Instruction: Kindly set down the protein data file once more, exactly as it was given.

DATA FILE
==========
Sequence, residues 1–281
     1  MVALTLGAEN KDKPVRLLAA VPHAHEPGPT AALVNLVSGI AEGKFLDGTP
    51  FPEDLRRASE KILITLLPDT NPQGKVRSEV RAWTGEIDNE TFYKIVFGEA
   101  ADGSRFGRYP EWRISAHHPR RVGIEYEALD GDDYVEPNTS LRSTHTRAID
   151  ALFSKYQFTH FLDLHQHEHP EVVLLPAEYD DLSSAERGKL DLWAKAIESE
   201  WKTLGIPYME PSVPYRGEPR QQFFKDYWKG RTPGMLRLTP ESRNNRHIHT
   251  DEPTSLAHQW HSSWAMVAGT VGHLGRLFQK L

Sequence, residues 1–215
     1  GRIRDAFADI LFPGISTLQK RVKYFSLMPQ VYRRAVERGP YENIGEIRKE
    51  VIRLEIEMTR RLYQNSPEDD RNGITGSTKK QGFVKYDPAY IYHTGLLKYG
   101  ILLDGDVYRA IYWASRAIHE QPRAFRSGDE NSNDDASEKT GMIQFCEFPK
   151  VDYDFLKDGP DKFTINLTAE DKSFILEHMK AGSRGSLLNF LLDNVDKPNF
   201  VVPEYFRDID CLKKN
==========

Sequence, residues 1–281
     1  MVALTLGAEN KDKPVRLLAA VPHAHEPGPT AALVNLVSGI AEGKFLDGTP
    51  FPEDLRRASE KILITLLPDT NPQGKVRSEV RAWTGEIDNE TFYKIVFGEA
   101  ADGSRFGRYP EWRISAHHPR RVGIEYEALD GDDYVEPNTS LRSTHTRAID
   151  ALFSKYQFTH FLDLHQHEHP EVVLLPAEYD DLSSAERGKL DLWAKAIESE
   201  WKTLGIPYME PSVPYRGEPR QQFFKDYWKG RTPGMLRLTP ESRNNRHIHT
   251  DEPTSLAHQW HSSWAMVAGT VGHLGRLFQK L

Sequence, residues 1–215
     1  GRIRDAFADI LFPGISTLQK RVKYFSLMPQ VYRRAVERGP YENIGEIRKE
    51  VIRLEIEMTR RLYQNSPEDD RNGITGSTKK QGFVKYDPAY IYHTGLLKYG
   101  ILLDGDVYRA IYWASRAIHE QPRAFRSGDE NSNDDASEKT GMIQFCEFPK
   151  VDYDFLKDGP DKFTINLTAE DKSFILEHMK AGSRGSLLNF LLDNVDKPNF
   201  VVPEYFRDID CLKKN